Friday, January 21, 2011

Dora Byamukama on The Truth and Consequences of Climate Change in Africa, and what we can do

image of globe featuring Africa front and center is from here
To listen to women of color globally means you get how interconnected the following are: economics, environmental issues, men's violence against women, racism, and heterosexism.


What follows is from New Vision Online, except the small photograph, which is from *here*. Please click on the title below to link back.

Climate change is upon us

By Dora Byamukama

 



IN the recent past, it was possible to predict with some degree of certainty when the wet and dry seasons were expected. This made it relatively easy for farmers to plan for planting, weeding and harvesting. Currently, the weather is less predictable. All this goes to show that there is climate change.

Changing weather patterns spell doom for humanity because this, among other things, contributes to food insecurity and negatively impacts on economies which heavily rely on agriculture such as most of those on the African continent.

Climate change is defined as a long-term change in the statistical distribution of weather patterns over periods of time that range from decades to millions of years. It may be a change in the average weather conditions or in the distribution of weather events with respect to an average, for example, greater or fewer extreme weather events.

There are various causes of climate change which include greenhouse gas emissions, such as those emitted by the manufacturing and construction sector; generation of electricity and heating and the transport sector. There is burning of fossil fuels such as coal, oil and gas to support the various sectors. This burning of fossil fuels greatly increases the atmospheric concentration of greenhouse gases, trapping more of the sun's energy near the Earth's surface. In response, our planet is warming at an unprecedented rate and ecosystems such as forests and swamps are changing. Forests are steadily disappearing and swamps drying up.

Many nations have adopted policies to reduce greenhouse gas emissions, but a comprehensive and effective international climate treaty remains part of a continuing debate.

Solutions to dealing with the challenge of climate change include activities aimed at mitigation or at adaptation, among others. Mitigation is human intervention to reduce the sources or enhance the sinks of greenhouse gases. Examples include using fossil fuels more efficiently for industrial processes or electricity generation, switching to renewable energy such as solar energy or wind power, improving the insulation of buildings, and expanding forests and other 'sinks' to remove greater amounts of carbon dioxide from the atmosphere.

It should be noted that even the most effective reductions in greenhouse gas emissions would not prevent further climate change impacts thus making the need for adaptation unavoidable. Adaptation is a response to climate change that seeks to reduce the vulnerability of natural and human systems to climate change effects. It is acknowledged that even if greenhouse gas emissions are stabilised relatively soon, climate change and its effects will last many years, and adaptation will be necessary.

Communities I visited, such as those living in the Nandi hills of Kenya and the Mt. Elgon region have undertaken activities that promote environmental protection and improve livelihoods. These include beekeeping in forests; manufacture of bio-gas from cow dung which supplies homes with light and cooking fuel. The same cow dung is used to revitalise soil fertility. Replication and multiplication of such activities at each household level has capacity to gradually positively impact on climate change.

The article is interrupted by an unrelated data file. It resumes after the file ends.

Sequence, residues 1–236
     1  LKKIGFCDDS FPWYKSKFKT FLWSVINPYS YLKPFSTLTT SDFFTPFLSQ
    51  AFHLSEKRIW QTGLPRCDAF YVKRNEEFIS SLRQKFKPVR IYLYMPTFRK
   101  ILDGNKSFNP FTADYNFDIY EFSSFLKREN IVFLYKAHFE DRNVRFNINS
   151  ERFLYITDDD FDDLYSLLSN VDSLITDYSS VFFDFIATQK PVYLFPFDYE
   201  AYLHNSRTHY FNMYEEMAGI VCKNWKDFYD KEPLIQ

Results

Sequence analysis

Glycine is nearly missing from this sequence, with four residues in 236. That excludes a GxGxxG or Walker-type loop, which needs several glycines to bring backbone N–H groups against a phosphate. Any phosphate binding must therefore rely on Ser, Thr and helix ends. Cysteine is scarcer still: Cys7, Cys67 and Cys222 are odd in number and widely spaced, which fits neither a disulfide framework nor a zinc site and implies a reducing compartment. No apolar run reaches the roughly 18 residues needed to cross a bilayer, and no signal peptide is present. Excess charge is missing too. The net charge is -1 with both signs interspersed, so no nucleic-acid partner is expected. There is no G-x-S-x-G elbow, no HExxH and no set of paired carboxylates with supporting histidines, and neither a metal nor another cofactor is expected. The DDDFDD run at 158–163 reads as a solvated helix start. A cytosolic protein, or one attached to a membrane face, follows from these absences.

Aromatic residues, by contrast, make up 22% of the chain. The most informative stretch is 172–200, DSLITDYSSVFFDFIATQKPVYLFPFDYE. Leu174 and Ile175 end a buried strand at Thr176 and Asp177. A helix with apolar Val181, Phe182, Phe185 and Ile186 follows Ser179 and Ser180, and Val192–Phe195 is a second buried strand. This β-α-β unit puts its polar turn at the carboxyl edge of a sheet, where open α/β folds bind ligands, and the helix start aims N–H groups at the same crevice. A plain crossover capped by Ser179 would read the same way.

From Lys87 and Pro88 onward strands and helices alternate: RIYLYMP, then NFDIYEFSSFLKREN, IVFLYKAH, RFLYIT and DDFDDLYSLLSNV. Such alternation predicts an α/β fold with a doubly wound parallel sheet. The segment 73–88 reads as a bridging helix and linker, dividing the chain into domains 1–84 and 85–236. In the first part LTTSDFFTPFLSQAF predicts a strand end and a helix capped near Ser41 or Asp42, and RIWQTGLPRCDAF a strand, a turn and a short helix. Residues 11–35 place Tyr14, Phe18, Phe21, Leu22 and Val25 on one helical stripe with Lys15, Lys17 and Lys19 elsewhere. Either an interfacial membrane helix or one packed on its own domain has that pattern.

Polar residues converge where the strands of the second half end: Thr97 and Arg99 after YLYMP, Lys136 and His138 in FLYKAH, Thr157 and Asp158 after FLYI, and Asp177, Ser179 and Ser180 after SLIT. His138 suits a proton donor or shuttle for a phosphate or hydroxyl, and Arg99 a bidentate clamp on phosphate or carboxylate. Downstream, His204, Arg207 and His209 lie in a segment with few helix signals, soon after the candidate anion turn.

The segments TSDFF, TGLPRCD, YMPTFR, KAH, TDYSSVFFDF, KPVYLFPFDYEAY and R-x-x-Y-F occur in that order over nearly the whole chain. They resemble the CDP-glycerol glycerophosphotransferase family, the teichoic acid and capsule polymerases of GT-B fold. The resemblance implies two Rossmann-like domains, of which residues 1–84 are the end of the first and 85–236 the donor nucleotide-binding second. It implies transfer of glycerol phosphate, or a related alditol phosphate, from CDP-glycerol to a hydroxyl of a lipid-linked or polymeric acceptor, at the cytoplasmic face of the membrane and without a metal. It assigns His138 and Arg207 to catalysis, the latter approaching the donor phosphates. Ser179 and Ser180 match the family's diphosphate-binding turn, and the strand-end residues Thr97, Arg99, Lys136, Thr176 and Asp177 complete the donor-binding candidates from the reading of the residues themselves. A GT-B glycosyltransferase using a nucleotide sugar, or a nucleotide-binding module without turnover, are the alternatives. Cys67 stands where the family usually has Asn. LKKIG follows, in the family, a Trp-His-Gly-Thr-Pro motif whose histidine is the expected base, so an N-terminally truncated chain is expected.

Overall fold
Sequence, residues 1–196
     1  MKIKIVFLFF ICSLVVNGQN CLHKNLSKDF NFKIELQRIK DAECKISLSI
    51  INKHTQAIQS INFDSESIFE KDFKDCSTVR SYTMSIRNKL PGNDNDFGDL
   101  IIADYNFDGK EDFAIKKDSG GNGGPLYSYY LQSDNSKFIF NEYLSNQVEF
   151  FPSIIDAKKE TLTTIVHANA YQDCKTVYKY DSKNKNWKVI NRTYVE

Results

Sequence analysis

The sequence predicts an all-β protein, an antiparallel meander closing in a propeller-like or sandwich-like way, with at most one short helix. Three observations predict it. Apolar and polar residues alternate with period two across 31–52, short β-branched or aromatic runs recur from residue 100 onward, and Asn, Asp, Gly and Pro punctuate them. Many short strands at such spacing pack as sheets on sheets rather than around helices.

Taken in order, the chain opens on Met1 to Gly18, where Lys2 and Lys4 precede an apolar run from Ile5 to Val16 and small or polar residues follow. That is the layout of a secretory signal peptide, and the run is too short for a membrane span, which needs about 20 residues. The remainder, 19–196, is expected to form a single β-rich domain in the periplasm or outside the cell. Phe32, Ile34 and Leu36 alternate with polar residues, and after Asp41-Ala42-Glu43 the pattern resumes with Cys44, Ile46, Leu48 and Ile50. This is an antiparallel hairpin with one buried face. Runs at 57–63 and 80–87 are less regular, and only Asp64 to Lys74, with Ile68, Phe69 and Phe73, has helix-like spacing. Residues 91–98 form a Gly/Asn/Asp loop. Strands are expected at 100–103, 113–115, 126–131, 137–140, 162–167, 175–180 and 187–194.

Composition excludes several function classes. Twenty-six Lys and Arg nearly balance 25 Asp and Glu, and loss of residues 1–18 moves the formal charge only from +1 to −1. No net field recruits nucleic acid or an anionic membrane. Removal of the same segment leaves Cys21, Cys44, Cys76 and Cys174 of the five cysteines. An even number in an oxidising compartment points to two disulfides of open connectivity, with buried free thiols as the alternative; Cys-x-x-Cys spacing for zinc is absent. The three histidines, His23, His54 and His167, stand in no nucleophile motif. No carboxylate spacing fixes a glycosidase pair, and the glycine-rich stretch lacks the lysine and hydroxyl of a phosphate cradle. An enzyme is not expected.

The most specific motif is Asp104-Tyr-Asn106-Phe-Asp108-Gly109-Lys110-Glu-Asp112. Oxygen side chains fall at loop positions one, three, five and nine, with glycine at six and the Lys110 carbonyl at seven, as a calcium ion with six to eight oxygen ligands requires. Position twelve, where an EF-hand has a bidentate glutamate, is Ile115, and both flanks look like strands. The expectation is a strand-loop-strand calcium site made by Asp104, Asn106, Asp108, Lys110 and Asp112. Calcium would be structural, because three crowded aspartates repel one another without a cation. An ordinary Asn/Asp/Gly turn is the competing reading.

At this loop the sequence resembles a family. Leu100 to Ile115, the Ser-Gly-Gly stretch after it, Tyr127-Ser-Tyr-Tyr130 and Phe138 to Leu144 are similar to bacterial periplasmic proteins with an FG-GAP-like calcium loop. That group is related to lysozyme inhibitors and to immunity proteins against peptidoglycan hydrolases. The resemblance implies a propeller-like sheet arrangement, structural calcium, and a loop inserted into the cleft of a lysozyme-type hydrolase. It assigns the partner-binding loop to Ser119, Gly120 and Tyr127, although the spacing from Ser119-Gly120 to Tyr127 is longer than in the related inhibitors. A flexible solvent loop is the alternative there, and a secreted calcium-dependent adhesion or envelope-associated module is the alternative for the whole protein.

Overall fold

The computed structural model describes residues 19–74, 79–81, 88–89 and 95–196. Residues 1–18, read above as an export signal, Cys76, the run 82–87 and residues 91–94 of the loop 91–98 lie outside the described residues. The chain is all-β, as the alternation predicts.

At an individual level, actions that can make a difference to climate change include:

--Changes in the way we produce and use energy as a starting point in trying to reduce emissions. Each individual needs to be frugal and thus deploy energy conservation measures such as use of energy-saving devices such as bulbs and renewable energy such as solar and bio-fuels.

--Promote purchase of energy-efficient appliances and construction of houses that allow maximum use of natural light and better insulation;

--Make it a goal to plant at least five trees near your homestead and two when one is cut. Plant trees specifically for fuel systematically in order to avert depletion of forests. Plant different crops taking into account the changing seasons;

--Promote soil conservation and environmental protection by farming methods such as terracing; growing of organic plants and use organic waste in order to maintain soil fertility;

--Reduce use of private cars in inner cities in order to reduce carbon dioxide emissions from cars. Activities which have multiple benefits such as walking and biking should be encouraged;

--Support industries that adopt mechanisms to mitigate carbon emissions such as planting of trees and proper waste management;

--Prepare for floods and landslides by, for example, setting up dikes or planning for retreat from areas prone to such occurrences;

--Adhere to environmental protection laws and support enforcement of such laws by reporting practices that destroy the environment;

--Support enactment of laws such as that on inheritance of land by women who are the majority of land users and therefore have a stake in its preservation and conservation.

--At every opportunity create awareness about environmental change and action that one can take to avert self-destruction;

We should realise that use fossil fuels such as petrol, paraffin and charcoal create vast quantities of carbon dioxide, which in turn cause global warming and will thus lead to self-destruction.

You and I have a legal and moral duty to act now in order to avert imminent disaster. Plant a tree today for starters.

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